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Winter Storm 2021

Texas officials block electricity providers from sending bills, disconnecting utilities for nonpayment

Texans are reporting receiving exorbitant electric bills despite not having power during the storm. One Texan, according to The New York Times, received a $16,752 electric bill.

Snow surrounds an Austin Energy station in Austin on Thursday, Feb. 18, 2021.

Winter Storm 2021

As Texas faced record-low temperatures this February and snow and ice made roads impassable, the state’s electric grid operator lost control of the power supply, leaving millions without access to electricity. As the blackouts extended from hours to days, top state lawmakers called for investigations into the Electric Reliability Council of Texas, and Texans demanded accountability for the disaster. We have compiled a list of resources for Texans who are seeking help, or places to get warm. To get updates sent straight to your phone, text "hello" to 512-967-6919 or visit this page to sign up.

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Gov. Greg Abbott said he and other state leaders are working fast to find solutions for homeowners and renters facing steep electricity bills after a winter storm left many Texans without power for days.

After Abbott convened what his office described as an "emergency meeting" Saturday with lawmakers to discuss the issue, the Public Utility Commission on Sunday met to sign two orders, including one that would direct energy providers to temporarily stop disconnecting customers from power or water because they have not paid.

The commission also signed an order to stop companies from sending invoices or bill estimates to customers “until we work through issues of how we are going to financially manage the situation we are in,” commission Chair DeAnn Walker said.

“Disconnect for non pays cannot occur on a Sunday and that’s why we're acting today at this hour... trying to stop any from occurring tomorrow,” Walker said before the three-member commission approved the orders.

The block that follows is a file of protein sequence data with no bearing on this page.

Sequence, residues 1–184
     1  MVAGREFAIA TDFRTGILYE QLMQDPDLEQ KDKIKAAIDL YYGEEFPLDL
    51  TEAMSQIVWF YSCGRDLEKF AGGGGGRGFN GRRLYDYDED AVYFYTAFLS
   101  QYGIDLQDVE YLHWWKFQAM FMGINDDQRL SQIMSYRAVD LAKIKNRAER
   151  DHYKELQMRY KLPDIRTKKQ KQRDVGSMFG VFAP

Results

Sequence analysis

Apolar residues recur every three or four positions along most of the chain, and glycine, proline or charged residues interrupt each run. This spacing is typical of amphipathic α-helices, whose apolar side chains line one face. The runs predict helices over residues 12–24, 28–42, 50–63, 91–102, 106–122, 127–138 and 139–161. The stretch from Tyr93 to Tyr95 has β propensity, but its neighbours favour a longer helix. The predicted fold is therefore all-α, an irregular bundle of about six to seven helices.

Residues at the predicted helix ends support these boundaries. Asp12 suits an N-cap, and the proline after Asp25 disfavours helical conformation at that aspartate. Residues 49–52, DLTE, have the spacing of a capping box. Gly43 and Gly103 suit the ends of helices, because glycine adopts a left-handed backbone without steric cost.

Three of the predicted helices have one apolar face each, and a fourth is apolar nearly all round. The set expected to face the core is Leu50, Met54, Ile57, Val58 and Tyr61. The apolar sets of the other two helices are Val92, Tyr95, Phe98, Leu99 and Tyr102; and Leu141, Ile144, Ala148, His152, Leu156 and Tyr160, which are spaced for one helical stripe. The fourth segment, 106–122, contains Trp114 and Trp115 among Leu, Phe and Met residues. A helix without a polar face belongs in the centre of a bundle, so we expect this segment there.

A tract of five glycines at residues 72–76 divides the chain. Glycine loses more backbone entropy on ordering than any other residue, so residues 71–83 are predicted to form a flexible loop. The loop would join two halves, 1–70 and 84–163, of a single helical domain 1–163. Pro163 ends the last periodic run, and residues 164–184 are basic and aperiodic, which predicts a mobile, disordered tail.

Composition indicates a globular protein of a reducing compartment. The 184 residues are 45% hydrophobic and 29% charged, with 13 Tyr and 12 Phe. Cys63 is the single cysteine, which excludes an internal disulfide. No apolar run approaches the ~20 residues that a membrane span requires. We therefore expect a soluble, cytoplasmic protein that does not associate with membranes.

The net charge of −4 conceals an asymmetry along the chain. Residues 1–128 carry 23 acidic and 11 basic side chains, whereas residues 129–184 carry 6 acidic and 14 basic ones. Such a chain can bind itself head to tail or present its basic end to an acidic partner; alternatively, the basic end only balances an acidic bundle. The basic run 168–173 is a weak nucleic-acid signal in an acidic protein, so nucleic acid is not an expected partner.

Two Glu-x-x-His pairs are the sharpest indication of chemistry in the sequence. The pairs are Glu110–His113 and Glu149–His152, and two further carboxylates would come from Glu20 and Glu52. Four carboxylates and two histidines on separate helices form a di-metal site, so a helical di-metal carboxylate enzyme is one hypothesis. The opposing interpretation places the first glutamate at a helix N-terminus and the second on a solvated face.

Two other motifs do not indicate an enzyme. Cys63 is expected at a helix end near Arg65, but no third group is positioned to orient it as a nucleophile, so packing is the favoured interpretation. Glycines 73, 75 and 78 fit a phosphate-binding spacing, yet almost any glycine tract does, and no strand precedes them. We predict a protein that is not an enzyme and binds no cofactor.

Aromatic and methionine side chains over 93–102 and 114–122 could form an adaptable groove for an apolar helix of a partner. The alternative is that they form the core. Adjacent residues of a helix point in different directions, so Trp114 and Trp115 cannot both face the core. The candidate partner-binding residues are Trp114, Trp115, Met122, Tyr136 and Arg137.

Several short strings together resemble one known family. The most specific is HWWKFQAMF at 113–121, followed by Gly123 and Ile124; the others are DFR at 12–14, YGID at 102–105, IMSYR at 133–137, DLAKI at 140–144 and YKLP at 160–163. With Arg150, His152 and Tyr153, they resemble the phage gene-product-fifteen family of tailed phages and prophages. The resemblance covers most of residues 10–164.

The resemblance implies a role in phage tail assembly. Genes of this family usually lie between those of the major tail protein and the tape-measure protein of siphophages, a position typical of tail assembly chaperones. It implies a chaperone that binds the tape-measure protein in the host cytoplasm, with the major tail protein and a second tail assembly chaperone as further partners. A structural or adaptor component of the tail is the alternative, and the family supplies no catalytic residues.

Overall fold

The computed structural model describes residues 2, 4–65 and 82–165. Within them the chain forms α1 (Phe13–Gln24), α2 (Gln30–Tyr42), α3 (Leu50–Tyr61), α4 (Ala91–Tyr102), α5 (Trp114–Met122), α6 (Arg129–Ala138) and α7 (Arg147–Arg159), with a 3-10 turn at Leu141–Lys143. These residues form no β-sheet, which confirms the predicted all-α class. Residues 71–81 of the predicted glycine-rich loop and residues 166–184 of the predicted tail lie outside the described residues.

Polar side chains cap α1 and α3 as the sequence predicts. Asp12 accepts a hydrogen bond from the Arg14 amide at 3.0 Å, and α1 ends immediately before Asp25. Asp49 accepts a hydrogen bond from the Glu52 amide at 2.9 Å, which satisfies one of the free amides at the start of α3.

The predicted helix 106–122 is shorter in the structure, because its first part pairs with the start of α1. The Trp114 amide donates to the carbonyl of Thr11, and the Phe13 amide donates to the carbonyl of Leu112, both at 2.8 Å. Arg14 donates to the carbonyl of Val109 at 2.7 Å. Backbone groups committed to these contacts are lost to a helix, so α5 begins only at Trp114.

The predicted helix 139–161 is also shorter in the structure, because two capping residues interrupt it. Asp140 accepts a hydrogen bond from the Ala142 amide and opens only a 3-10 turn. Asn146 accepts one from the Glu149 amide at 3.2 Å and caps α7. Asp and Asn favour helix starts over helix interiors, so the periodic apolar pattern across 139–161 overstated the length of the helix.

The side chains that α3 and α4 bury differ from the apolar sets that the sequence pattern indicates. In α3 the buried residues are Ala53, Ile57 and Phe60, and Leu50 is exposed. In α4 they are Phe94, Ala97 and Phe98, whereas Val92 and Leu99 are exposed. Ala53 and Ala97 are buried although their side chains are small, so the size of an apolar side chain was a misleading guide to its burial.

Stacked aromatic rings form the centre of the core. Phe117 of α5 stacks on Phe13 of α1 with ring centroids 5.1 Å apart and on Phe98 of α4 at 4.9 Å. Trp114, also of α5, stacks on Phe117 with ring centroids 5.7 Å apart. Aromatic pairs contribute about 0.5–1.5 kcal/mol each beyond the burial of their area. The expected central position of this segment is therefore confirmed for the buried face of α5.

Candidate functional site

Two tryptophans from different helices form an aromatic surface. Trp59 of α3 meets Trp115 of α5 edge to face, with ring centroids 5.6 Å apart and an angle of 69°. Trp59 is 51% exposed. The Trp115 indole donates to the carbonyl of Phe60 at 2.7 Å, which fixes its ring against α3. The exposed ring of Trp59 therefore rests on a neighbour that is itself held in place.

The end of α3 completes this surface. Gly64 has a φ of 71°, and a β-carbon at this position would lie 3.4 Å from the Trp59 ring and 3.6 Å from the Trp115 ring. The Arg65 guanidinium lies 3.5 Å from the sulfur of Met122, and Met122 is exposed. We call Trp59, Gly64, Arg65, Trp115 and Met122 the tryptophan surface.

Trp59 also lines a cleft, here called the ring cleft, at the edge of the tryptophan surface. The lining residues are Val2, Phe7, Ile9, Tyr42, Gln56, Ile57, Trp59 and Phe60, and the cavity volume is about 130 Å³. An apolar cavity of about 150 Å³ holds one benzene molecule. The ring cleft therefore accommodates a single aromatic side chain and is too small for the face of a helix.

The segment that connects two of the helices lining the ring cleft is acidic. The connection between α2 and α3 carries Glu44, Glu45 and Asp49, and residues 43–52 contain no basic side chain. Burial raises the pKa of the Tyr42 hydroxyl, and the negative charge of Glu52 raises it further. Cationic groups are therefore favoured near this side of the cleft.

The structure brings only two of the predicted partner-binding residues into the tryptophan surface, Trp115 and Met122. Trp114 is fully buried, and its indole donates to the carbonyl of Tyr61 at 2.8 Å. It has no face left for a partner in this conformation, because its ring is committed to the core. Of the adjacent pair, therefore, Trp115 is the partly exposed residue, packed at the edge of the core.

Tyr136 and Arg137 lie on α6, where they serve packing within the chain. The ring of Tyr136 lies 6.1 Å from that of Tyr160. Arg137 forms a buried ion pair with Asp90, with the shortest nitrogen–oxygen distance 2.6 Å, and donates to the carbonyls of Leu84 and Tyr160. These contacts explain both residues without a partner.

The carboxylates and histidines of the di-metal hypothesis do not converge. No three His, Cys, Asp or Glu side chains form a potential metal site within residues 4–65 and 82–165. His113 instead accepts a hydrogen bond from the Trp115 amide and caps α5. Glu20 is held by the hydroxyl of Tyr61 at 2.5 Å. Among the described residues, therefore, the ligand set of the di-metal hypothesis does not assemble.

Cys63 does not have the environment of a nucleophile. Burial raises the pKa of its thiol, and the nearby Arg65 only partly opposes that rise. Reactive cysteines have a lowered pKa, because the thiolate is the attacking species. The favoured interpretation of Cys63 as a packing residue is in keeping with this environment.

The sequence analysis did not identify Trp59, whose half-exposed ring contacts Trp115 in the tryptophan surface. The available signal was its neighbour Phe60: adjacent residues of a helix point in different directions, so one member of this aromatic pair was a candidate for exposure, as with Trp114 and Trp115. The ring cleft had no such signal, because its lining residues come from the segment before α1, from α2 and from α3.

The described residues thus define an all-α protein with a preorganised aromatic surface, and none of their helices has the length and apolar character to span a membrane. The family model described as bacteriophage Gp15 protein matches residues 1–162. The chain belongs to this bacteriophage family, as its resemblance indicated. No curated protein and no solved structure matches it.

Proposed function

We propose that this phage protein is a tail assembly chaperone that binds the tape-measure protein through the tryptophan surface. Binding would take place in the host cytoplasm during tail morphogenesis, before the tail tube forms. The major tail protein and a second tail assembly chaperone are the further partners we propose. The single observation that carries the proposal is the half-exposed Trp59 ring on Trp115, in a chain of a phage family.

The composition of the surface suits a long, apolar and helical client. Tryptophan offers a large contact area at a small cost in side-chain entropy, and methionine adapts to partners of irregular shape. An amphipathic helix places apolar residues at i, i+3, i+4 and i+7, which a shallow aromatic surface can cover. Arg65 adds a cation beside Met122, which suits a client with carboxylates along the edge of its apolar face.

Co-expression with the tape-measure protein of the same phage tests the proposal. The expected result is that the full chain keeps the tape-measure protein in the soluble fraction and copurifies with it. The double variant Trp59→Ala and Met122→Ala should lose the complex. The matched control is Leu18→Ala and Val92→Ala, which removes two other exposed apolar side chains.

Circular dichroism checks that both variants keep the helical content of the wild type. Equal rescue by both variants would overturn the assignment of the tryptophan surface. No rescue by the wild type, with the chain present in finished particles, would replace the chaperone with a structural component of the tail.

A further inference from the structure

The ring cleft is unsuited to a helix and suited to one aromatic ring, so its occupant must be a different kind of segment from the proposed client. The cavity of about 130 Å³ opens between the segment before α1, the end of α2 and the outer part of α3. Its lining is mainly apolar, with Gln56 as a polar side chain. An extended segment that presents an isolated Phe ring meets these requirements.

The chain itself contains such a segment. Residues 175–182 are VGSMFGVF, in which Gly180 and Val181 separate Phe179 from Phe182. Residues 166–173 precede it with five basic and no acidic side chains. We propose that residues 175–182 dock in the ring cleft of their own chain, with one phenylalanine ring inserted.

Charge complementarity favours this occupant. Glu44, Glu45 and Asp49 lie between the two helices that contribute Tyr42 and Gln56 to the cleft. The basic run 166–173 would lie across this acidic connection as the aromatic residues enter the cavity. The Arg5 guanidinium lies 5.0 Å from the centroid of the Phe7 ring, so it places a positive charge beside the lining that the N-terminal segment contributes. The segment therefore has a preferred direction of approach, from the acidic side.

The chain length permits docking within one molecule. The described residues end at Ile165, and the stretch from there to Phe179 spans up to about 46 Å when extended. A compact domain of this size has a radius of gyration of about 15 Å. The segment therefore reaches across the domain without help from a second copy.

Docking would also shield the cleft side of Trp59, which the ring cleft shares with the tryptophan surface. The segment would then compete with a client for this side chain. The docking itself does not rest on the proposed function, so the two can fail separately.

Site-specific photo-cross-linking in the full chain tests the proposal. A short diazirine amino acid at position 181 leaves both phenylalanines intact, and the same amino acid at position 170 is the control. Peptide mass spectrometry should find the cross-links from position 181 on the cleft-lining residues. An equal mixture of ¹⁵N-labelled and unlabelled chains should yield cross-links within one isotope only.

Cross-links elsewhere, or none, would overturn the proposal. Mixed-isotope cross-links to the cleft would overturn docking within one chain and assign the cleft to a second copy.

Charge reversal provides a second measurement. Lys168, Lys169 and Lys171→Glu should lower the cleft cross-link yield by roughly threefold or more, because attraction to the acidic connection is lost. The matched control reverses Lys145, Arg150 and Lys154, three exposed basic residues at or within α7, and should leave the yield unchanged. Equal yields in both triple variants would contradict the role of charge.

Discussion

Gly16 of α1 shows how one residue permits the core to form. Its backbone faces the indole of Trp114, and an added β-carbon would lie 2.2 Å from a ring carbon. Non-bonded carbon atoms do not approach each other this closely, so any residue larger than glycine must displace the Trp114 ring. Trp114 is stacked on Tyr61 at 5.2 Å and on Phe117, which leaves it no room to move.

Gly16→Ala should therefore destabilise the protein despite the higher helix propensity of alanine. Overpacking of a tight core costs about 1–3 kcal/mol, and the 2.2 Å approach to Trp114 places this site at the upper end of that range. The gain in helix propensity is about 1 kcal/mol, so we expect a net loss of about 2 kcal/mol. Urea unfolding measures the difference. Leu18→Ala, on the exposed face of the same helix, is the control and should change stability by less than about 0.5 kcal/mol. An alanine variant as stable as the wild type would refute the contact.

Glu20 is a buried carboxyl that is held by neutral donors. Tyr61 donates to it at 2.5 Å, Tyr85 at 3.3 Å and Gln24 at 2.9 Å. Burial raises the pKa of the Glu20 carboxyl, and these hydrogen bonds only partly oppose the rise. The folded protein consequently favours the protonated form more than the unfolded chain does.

Both Abbott and the commission's meetings come as more Texans are reporting receiving exorbitant electric bills despite not having power during the storm. One Texan, according to The New York Times, received a $16,752 electric bill. Not every resident will see the spikes in their bills.

Abbott, speaking during a news conference Sunday in San Antonio, called the recent spike in energy bills "the top priority for the Texas Legislature right now" and said lawmakers were working on a bipartisan basis to help address the issue.

February Winter Storm 2021

  • When will my water come back? How can I get water in the meantime?

  • Will I get a large energy bill?

  • How can I get updates?

  • I was without power for more than a day. Why are people calling these rolling outages?

  • Wait, we have our own power grid? Why?

  • I read online that wind turbines are the reason we lost power. Is that true?

  • How can I stay warm? How can I help others?

Along with Abbott, the heads of the Senate and House — Republicans Lt. Gov. Dan Patrick and House Speaker Dade Phelan, respectively — were also part of that Saturday meeting, as were chairs of the budget-writing Senate Finance and House Appropriations committees, among others.

Later this week, House and Senate committees will convene to investigate how outages happened and what roles entities like the Electric Reliability Council of Texas played in those power failures.

"Thursday begins the questioning of the stakeholders involved to find out if anything went wrong, what went wrong, who's to blame and, more importantly, what solutions moving forward we can do as a state Legislature ... to make sure this absolutely never happens again," said state Rep. Craig Goldman, a Fort Worth Republican who chairs the House Energy Resources Committee, during an NBC-DFW interview that aired Sunday.

Jolie McCullough contributed to this report.

Disclosure: New York Times has been a financial supporter of The Texas Tribune, a nonprofit, nonpartisan news organization that is funded in part by donations from members, foundations and corporate sponsors. Financial supporters play no role in the Tribune's journalism. Find a complete list of them here.

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